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VAT Tribunal Ruling - Time to end stalemate, says REC

VAT Tribunal Ruling - Time to end stalemate, says REC

The First Tier Tribunal ruling in the case between Reed Employment and HMRC re-ignited the debate on the way that VAT is charged on the provision of temporary staff in a number of specific sectors. Following the ruling, the REC has underlined the need to build consensus and to avoid agencies being caught between HMRC's line and requests from some clients for immediate changes to be made.

The clear steer from HMRC and tax experts is that -  as this was only a First Tier Tribunal - the ruling in itself should not result in any changes being made. The REC's most recent discussions with HMRC confirmed the Government's view that the ruling has a limited application and certainly does not set any sort of precedent. 

The immediate priority is to ensure that this message is communicated to agencies and to employers which is why the REC has called for HMRC to publish an official Briefing Note on this issue. 

Commenting on the latest developments, Tom Hadley, The REC's Director of Policy and Professional Services says:

"It is crucial to ensure that agencies are not caught in a 'Mexican stand-off' with HMRC and client organisations. Following the tribunal ruling, employers initially approached agencies with urgent requests for payment models to be amended.  Although this trend seems to have subsided somewhat  - perhaps due to increased awareness that this was only a First Tier Tribunal - the need for a clear and consistent messages to be sent to both providers and users of temporary staff is of paramount importance.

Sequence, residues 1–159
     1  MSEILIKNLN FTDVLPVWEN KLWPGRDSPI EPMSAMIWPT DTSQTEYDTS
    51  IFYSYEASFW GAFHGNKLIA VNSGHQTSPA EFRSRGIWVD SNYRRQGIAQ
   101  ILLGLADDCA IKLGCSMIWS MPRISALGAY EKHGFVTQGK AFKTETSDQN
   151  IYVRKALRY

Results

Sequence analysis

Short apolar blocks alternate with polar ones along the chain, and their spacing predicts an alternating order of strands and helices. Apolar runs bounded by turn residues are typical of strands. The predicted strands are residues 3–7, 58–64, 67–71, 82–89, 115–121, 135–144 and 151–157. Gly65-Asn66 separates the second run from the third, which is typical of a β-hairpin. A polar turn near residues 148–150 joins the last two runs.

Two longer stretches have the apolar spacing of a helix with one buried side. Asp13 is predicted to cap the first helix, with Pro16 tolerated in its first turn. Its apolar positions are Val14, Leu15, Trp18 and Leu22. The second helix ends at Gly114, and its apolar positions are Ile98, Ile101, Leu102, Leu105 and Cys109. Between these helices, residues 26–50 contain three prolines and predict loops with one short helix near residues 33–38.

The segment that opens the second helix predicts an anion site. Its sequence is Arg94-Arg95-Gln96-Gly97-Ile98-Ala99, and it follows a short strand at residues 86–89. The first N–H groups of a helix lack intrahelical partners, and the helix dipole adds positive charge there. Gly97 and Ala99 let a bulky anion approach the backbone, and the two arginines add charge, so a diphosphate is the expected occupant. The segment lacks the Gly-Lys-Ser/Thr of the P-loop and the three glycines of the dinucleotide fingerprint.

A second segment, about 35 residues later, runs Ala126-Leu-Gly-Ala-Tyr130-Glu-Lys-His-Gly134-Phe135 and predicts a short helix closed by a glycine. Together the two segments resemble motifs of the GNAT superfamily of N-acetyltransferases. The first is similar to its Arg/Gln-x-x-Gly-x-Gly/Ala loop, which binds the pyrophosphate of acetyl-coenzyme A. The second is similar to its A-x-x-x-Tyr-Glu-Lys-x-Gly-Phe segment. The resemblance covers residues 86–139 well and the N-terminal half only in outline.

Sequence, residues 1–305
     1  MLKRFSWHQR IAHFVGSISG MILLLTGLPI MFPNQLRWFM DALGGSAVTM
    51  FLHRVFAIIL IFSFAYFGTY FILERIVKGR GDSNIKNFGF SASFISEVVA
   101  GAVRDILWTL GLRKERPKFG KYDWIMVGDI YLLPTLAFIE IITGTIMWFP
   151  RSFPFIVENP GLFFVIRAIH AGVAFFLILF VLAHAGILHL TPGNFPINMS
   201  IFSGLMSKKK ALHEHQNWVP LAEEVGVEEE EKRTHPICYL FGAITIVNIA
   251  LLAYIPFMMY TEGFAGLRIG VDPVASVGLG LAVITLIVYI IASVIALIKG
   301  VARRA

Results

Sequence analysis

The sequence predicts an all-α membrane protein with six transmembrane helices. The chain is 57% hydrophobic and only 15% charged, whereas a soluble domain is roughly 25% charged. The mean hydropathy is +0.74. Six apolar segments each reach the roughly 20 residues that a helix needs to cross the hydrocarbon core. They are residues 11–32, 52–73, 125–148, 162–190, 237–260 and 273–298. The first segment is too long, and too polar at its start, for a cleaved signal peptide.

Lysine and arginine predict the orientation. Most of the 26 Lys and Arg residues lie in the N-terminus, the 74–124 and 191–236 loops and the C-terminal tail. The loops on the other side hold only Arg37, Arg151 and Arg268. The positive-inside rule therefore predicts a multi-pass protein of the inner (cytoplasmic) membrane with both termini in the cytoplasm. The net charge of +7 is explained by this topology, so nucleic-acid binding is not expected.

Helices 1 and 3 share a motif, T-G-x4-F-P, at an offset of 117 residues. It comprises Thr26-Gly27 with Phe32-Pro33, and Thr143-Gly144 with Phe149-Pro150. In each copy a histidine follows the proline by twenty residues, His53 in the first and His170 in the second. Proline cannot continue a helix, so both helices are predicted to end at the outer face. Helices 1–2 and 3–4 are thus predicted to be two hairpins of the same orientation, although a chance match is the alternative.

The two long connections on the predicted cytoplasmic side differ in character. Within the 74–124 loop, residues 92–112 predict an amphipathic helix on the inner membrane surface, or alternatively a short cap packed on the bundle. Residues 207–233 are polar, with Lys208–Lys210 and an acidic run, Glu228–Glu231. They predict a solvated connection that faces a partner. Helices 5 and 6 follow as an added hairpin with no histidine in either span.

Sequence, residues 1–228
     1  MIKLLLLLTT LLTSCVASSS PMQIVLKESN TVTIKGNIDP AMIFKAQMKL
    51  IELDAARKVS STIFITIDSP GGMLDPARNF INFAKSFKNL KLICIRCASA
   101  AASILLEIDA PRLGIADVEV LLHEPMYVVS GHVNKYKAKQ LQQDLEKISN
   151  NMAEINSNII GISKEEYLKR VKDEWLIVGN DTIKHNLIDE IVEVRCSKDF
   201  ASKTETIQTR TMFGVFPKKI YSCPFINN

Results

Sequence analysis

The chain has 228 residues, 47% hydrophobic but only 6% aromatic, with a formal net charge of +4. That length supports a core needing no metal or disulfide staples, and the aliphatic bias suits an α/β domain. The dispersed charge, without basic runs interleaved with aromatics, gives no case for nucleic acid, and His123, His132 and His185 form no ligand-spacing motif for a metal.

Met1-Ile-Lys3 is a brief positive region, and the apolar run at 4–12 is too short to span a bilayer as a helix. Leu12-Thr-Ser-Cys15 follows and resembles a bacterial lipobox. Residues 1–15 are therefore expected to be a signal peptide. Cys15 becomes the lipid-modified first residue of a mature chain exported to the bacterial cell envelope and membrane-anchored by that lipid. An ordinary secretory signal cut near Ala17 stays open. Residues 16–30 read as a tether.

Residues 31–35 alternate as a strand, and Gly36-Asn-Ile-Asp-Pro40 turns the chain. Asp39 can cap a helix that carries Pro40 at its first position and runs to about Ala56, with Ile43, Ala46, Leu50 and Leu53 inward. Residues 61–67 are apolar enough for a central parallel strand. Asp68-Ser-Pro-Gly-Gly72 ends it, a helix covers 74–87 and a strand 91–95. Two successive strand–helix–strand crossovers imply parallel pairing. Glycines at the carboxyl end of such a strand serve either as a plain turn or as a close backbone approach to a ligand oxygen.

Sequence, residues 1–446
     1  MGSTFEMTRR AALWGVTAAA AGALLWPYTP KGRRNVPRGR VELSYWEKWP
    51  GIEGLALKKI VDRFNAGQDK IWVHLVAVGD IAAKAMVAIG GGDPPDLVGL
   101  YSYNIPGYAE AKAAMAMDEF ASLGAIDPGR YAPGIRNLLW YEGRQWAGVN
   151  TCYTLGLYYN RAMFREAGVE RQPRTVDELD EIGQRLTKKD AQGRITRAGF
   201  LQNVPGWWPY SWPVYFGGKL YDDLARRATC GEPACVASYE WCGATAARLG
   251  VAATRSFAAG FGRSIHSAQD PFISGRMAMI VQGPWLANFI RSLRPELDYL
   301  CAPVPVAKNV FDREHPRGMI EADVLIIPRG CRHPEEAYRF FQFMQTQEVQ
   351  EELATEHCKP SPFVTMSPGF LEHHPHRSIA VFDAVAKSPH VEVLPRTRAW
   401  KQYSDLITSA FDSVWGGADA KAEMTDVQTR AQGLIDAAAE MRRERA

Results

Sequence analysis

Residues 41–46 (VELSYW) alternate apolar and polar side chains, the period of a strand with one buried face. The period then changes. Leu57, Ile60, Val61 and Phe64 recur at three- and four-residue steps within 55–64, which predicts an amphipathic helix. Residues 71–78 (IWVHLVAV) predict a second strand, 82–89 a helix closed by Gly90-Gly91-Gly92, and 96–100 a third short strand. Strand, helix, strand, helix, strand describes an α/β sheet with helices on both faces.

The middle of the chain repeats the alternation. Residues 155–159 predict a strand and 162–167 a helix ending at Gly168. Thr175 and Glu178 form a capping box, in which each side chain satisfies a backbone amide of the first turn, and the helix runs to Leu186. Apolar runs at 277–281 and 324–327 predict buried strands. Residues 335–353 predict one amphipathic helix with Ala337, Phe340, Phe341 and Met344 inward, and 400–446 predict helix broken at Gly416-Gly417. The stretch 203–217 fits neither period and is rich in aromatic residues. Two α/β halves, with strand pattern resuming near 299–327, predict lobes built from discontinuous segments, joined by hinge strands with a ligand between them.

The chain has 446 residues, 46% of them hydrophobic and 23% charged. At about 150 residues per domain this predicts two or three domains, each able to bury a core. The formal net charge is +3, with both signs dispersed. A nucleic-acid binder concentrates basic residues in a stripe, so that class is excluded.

"A formal HMRC Briefing Note would be an important step forward. The other priority is to continue engaging with business organisations to monitor and influence to messages being disseminated to employers.” 

Looking at immediate and longer term priorities, Hadley concludes:

"In the short-term, the REC will continue to play an intermediary role between agencies and Government in order to co-ordinate queries and build consensus on the practical implications of the ruling.

"In the longer term, recruiters and their clients may want to look further into the substance of the case and challenge HMRC's argument that the recent Tribunal decision was based on a unique model and set of circumstances. This would be a potentially lengthy and costly process but would have the benefit of decreasing the overall cost of temporary staffing in some sectors.

"The REC will continue to engage with client organisations to look at the longer terms options. In the meantime, agencies and employers going against the HMRC steer would be taking a substantial risk which is why the REC's advice to members is to avoid making any changes to current charging models simply on the basis of the First Tier Tribunal ruling.”


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